I begin playing trumpet at age 12 while in the 6th grade. We were living in Houston, Texas and there was a strong school band program there. In fact, there was so much interest at Memorial Junior High School in 1965 that there was 7 periods of band, three directors and at least 5 beginner bands! My family and I moved back to our home town of Baton Rouge, Louisiana in 1966 and I attended Broadmoor Junior High School. The band program was not nearly as popular in this school but being smaller each student got much more attention and instruction. I had the typical interest of a young teenager in playing trumpet and would just as soon sit out of band practice and tell jokes.
Then came the move to senior high school in the summer of 1969. The band director at Broadmoor High School was a legend and gave up several weeks of vacation each summer to train the incoming freshman and let us know what was expected of us in high school band. The band director’s name was Lee J. Fortier. He was a former trumpet player with the Woody Herman Band and had started jazz stage band programs with high schools in the south Louisiana area. Well in short, my whole concept of what music, trumpet and band were about was radically changed. The enthusiasm of this man was infectious! Pretty soon I was taking private trumpet lessons at Louisiana State University. At first, I studied with graduate students and then progressed to study with professor George Foss (a former student of the late great trumpet player William Vacchiano). Pretty soon I was playing in the stage band (jazz big band), marching band and symphonic band. I tried out and played 2nd trumpet in the Baton Rouge Youth Symphony.
After graduation from high school I attended college and majored in music, but soon decided to go into the U.S. Marine Corps Band Program. After boot camp (basic training) the USMC sent me to the U.S. Navy School of Music located at the Naval Amphibious Base in Little Creek, Virginia. This was a six month school of intensive training in music theory, with trumpet lessons, band practice, jazz band practice and hours and hours of intense trumpet practice. I got to play with and meet musicians from the Army, Navy and Marines. All in all, it was the toughest education I have ever had before or since! The school was tough and the consequences of not graduating was pretty severe...one got sent to a rifle platoon! The very thought of that sent me to the practice room! I graduated in July, 1975 and was posted to the Second Marine Division Band. There I learned a lot about professionalism, that is, how to play and keep on playing your best despite hardship. It doesn’t matter how you feel you just play and give it you all. One might grumble, fuss, cuss and fume but you just did the job in an outstanding manner.
In the Marines we played all over the country. Once we played for King Olav of Norway at the foot of the Statue of Liberty. This concert was for the occasion of the 150th anniversary of the immigration of Norwegians to the United States. We would typically play 8 to 15 hours per day. Once, I remember the band playing for 90 days like that without a single day off! Wow but were we ever busy!
In September, 1978 I was discharged from active service from the Marines and decided to go back to college. I attended Georgia State University and in 3 short years had my Bachelor of Science degree and a year and a half later my Master of Education Degree in Counseling.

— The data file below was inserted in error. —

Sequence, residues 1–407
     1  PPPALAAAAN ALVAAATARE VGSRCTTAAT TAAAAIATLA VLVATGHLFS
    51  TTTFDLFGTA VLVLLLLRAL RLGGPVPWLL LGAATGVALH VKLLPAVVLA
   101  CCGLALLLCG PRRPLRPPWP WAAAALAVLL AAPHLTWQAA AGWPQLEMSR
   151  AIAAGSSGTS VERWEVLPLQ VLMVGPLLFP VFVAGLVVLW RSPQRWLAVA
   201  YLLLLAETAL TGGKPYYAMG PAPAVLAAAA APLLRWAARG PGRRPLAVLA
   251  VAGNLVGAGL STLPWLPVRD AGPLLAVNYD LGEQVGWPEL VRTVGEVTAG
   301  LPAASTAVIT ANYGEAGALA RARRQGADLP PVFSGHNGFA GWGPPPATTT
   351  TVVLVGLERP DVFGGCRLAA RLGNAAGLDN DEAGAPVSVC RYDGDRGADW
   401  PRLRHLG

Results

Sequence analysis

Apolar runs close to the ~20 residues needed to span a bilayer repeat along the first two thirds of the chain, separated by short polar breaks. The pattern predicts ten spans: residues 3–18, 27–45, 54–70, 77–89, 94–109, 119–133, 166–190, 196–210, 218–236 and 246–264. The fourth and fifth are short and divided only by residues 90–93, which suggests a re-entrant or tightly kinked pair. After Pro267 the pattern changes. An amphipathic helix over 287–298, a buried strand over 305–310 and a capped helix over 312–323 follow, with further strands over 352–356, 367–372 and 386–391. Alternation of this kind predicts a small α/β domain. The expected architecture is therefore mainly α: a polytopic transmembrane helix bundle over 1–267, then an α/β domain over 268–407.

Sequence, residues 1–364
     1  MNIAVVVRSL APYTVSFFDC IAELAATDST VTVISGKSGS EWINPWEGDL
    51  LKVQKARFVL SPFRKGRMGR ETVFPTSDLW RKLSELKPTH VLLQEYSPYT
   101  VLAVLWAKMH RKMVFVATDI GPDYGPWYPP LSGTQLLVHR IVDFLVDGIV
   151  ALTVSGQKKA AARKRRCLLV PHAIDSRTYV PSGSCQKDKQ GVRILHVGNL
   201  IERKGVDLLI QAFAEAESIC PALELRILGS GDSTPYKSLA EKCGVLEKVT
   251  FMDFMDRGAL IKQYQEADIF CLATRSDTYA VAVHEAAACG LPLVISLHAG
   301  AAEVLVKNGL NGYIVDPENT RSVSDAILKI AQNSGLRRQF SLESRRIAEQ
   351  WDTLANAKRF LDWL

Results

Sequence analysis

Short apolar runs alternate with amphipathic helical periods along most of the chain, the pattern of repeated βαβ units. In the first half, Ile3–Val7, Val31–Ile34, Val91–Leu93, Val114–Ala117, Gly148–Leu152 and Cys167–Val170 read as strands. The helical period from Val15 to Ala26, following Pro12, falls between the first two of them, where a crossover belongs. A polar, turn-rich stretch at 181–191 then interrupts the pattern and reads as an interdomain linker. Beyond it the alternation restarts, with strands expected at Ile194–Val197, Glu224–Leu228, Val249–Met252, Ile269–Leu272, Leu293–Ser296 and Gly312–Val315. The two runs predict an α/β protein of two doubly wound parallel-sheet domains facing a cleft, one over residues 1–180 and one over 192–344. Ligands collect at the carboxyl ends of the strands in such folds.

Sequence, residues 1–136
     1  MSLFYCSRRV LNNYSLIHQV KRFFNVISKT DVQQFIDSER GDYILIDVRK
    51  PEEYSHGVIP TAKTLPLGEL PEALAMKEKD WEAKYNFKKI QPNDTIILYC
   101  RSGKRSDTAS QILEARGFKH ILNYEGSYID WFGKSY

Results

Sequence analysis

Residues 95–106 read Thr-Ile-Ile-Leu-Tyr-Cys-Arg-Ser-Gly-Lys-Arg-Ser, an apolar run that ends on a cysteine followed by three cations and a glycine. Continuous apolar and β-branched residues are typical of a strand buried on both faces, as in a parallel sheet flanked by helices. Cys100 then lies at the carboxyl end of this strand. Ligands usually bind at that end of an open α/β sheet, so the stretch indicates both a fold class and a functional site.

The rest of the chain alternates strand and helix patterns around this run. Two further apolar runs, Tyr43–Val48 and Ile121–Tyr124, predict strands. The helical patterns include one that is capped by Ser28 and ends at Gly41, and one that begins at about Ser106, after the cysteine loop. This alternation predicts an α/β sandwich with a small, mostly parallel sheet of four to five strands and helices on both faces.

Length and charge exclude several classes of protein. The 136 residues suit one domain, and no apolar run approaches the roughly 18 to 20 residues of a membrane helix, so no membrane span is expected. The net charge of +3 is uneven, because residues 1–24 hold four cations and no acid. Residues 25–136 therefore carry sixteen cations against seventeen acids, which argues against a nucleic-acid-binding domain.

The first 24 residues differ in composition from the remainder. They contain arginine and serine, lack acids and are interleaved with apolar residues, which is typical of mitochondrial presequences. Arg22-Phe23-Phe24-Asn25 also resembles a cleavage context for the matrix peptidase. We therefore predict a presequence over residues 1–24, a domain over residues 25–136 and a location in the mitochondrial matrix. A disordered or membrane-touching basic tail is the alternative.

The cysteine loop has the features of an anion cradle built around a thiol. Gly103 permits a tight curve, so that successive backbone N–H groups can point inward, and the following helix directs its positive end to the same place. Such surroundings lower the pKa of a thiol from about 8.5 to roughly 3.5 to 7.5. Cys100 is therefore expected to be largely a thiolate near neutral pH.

I tried for a time while I was in college to play in a community jazz band but the demands of school were just too much. So I put the trumpets away from 1980 until 1996. In the fall of 1996, I was approached by our church choir director and asked to sing in the choir. I told her that I thought she should play me not to sing. She laughed and she wanted me to try. My wife Catherine got involved and told her I had played trumpet. Soon I found myself assigned to play a solo in front of the church for Christmas! I hadn’t played in 16 years!!
Back home I picked up my Bach Strad case and opened it to fine the same beauty that I remembered from High School and the old friend from the USMC. I oiled the valves and placed the mouthpiece in the receiver. Putting the trumpet to my lips I worried that nothing would come out. I was wrong. I started by playing the C scale two octaves. Then I played a few hymns, so far so good. About 30 minutes later I was worn out and my lips were shot. I started taking the trumpet to work and arriving there about an hour early so I could practice. I also practiced at home. I discovered an e-mail web group known as the Trumpet Players International Network through a chance e-mail meeting with Al Lilly, a professional trumpet player and doctoral candidate in music. Through them and their unselfish help and assistance I got over many of the bumps in the road of comeback trumpet playing.
The solo that Christmas of 1996 went well. In 1998, I got hooked up with our community Jazz Ensemble and the Concert Band. Playing is a hobby now and I feel the richer for it in my soul.
Suggestions for comeback trumpet players:
1. Use only so much pressure as is necessary to seal the mouthpiece to the lips.
2. Keep the corners of the lips tight and relax the center of the lips.
3. I like to use the lip buzzing recommended by Rafael Mendez in his book “Prelude to Brass Playing”.
4. Practice consistently in short 15 to 20 minute sessions with frequent rest periods. I like to leave one of my trumpets out on a table so I can pick it up whenever I want and play. This avoids the hassle and wasted time of getting the horn out of the case each time I want to practice.
5. Vary what you practice, technical studies, then lyrical stuff. And most importantly play musically. Wear out the Arbans Method!
6. Most importantly, have fun!
Thomas G. Mungall
Baton Rouge, La.